(Bloomberg) -- The recent rise in euro-area bond yields isn’t yet particularly worrying, according to European Central Bank Governing Council member Jens Weidmann.
At the same time, the Frankfurt-based institution stands ready to ramp up the pace of buying under its Pandemic Emergency Purchase Program if needed, he said, stressing that officials are committed to preserving favorable financing conditions for the broader economy.
“I would tend to argue that the size of the movements is not such that this is a particularly worrisome development,” he said in an interview with Bloomberg Television on Wednesday. “But we have to look at it and we are ready to adjust the volume of PEPP purchases. The PEPP has that flexibility embodied in it so we can react to unwarranted tightening of financing conditions.”
Numerous ECB officials have warned that the euro-area recovery could be vulnerable to a global sell-off of longer-term government bonds, which originated in the U.S. amid prospects of massive fiscal stimulus. Higher yields pose a problem for the region because they are used by banks as a reference point for lending.
At the same time, policy makers see no need for drastic action to combat rising bond yields just yet, according officials familiar with the matter.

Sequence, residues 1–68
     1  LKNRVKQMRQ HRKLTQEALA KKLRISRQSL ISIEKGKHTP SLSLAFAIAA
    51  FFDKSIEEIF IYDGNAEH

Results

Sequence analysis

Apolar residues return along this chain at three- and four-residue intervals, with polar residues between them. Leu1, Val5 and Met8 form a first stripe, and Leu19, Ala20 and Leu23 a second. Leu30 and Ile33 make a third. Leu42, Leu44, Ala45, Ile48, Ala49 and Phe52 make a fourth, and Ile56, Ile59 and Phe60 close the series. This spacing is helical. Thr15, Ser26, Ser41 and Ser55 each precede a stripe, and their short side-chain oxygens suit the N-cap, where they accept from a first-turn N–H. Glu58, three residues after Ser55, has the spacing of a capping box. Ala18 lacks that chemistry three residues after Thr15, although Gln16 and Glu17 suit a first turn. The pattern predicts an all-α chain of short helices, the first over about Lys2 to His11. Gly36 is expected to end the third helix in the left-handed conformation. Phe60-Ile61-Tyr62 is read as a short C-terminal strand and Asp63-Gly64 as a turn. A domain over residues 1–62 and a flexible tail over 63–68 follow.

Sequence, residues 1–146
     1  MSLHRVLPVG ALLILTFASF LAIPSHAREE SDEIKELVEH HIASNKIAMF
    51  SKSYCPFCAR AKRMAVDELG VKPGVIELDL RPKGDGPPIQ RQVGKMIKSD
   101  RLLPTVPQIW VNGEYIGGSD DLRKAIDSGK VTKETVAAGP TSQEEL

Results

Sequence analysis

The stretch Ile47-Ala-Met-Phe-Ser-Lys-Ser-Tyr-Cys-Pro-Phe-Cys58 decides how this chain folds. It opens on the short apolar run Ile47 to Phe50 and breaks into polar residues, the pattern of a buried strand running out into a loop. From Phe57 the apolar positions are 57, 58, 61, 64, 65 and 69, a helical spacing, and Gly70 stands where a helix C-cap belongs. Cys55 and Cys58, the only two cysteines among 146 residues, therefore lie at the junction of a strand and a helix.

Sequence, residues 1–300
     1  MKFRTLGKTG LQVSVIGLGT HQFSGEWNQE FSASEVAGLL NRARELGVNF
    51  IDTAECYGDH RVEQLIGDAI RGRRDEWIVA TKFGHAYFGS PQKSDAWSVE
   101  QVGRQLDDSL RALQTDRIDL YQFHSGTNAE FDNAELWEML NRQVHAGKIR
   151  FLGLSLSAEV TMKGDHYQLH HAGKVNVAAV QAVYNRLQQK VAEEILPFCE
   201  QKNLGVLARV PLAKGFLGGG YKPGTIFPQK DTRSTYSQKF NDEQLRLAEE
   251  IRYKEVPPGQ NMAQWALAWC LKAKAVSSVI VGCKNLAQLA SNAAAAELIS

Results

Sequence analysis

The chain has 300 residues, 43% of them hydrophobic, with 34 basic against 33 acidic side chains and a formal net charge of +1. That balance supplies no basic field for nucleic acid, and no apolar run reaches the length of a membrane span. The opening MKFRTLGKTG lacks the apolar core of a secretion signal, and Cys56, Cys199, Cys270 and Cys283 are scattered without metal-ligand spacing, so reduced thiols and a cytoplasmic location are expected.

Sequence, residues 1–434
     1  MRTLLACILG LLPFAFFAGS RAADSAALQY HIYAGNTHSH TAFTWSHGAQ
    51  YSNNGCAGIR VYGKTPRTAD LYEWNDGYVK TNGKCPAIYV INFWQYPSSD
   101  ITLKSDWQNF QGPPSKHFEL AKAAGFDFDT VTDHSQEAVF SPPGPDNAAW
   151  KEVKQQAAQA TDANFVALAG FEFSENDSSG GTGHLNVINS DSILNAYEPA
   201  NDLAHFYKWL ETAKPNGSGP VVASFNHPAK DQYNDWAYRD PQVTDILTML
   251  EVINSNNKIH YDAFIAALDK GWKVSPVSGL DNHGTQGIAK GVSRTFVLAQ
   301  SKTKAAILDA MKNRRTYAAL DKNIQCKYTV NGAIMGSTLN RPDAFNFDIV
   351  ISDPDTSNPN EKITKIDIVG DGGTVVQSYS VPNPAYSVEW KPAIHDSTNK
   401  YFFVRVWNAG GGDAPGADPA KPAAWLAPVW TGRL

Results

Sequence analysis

Read more: ECB Said to See No Need for Drastic Action to Rein In Yields
“At the end of the day we want to preserve favorable financing conditions for the non-financial sector. That’s not just looking at financing costs for governments. It’s a much broader picture we need to look at,” Weidmann said.
The euro area’s recovery is expected to be slower than that of many other advanced economies, in part due to its slow vaccine roll-out, and higher borrowing costs could further damp momentum. ECB officials meet to assess the situation and set policy next week.
Weidmann also noted that while prices are expected to pick up this year, much of that is due to temporary factors, and inflation will take some time to reach the ECB’s goal.
“For a more sustained push in inflation, we’d need to see corresponding movements in wages, and that’s not something that we observe at this juncture,” he said.
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